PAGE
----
In a Nutshell
*Starbucks will roll out its strawless lids, starting in Seattle and Vancouver.
*As plastic straw bans become more prevalent, expect more restaurant chains to test out sustainable drinkware options.
The days of sipping venti half-caf skinny iced lattes from a plastic straw are numbered. Starbucks recently announced that it will be phasing out single-use plastic straws from its more than 28,000 stores by 2020, in an effort to reduce plastic waste and curb ocean pollution. Instead, customers will be given a strawless lid (comparable to a child’s sippy cup) or an alternative-material straw option. The company estimates the move will eliminate more than one billion plastics straws per year from its stores.
“For our partners and customers, this is a significant milestone to achieve our global aspiration of sustainable coffee, served to our customers in more sustainable ways,” CEO Kevin Johnson said in a press release.
Starbucks designed, developed and manufactured the strawless lid for iced beverages; the lid is already available at more than 8,000 of its stores in the U.S. and Canada. Straws made from alternative materials, such as paper or compostable plastic, will be available for blended drinks like Frappuccinos, or for customers who prefer or need a traditional straw, according to the company.
Perhaps unsurprisingly, the strawless initiative will first roll out in Seattle and Vancouver this fall. Both cities recently passed their own plastic straw bans. Vancouver’s ban, which takes effect in the fall of 2019, is part of broader sustainability legislation, which also includes a ban on the distribution of foam cups and containers. Seattle, where Starbucks is headquartered, is the first major U.S. city to ban single-use plastic straws in bars and restaurants, the culmination of a decade-old waste-reduction ordinance.
Starbucks will eliminate plastic straws in the rest of the U.S. and Canada in phased rollouts throughout 2019, followed by a global rollout of the initiative.
Conventional plastic straws, analysts say, tend to slip through the cracks and end up polluting the ocean because the machines used in the recycling process aren’t typically designed to capture such small items. Plastic straws make up about 4% of all plastic waste that ends up in the ocean, according to a 2018 study by Australian scientists.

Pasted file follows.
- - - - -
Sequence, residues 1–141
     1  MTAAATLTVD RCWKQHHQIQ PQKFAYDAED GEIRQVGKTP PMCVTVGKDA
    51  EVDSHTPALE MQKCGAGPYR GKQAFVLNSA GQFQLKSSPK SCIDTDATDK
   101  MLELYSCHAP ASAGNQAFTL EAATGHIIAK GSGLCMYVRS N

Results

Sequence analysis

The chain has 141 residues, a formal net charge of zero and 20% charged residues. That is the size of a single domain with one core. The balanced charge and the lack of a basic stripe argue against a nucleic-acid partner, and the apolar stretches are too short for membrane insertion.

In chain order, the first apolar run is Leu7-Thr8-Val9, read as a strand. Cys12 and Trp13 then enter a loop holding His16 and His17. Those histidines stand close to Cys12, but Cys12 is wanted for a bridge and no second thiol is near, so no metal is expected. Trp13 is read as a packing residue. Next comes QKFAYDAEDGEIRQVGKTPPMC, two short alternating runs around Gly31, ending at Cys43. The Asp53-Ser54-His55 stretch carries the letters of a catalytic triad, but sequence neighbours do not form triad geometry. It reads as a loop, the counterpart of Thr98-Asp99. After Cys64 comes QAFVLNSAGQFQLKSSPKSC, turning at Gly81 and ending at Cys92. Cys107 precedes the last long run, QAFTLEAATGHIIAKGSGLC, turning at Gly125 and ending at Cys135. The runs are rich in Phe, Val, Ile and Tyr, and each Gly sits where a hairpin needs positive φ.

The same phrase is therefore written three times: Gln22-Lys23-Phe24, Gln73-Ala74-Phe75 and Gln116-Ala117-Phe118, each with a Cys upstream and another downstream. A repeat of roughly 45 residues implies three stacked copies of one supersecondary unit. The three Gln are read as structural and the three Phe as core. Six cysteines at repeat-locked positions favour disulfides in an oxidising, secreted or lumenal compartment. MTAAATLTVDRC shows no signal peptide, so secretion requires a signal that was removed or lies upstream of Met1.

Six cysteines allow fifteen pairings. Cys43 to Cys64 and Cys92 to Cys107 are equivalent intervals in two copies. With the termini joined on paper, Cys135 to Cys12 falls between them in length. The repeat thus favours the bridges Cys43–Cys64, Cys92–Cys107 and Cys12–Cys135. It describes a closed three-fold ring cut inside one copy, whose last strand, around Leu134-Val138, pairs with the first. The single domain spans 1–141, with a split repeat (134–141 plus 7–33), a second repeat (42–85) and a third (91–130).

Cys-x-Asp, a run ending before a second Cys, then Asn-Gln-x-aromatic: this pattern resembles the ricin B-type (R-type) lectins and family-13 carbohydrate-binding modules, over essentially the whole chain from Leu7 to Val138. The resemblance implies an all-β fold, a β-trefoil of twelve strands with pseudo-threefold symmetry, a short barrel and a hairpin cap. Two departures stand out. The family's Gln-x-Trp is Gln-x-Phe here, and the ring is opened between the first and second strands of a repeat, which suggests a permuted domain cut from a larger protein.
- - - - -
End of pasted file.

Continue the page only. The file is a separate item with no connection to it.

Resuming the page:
Many environmentalists praised Starbucks’ announcement. Nicholas Mallos, director of Ocean Conservancy’s Trash Free Seas program, called the coffee company “a shining example of the important role that companies can play in stemming the tide of ocean plastic.”
The World Wildlife Fund also expressed enthusiasm.
This is a good move by @Starbucks. Plastic straws that end up in our oceans have a devastating impact on species. We’re hopeful that others will follow in their footsteps and look forward to working with Starbucks on additional waste reduction initiatives. https://t.co/m4WKU5Scc5— World Wildlife Fund (@World_Wildlife) July 9, 2018
But others had a more cynical take.
The next time I'm idling my car for 20 minutes at a drive thru for a strip mall Starbucks built atop a reclaimed wetland, I will feel a unique sense of satisfaction that they are protecting the earth from straws. pic.twitter.com/jvvIbKfs76— Tristin Hopper (@TristinHopper) July 9, 2018
A conversation around single-use plastic straws seems to be picking up steam recently. New York and San Francisco are considering bans, The United Kingdom announced a plan to ban their sale, and the European Union is working on a ban of single-use plastic products as well. India, too, wants to ban all single-use plastic by 2022.
Other large restaurant chains are taking their own steps to satisfy the growing movement as well. McDonald’s announced in June that it will transition completely to paper straws in the United Kingdom and Ireland by 2019. The company also plans to test out alternative straw materials in some restaurants in the U.S., France, Sweden, Norway and Australia. It will also pilot initiatives in select locations where straws are offered upon request only. “We hope this work will support industry-wide change and bring sustainable solutions to scale,” said Executive Vice President Francesca DeBiase in a press release.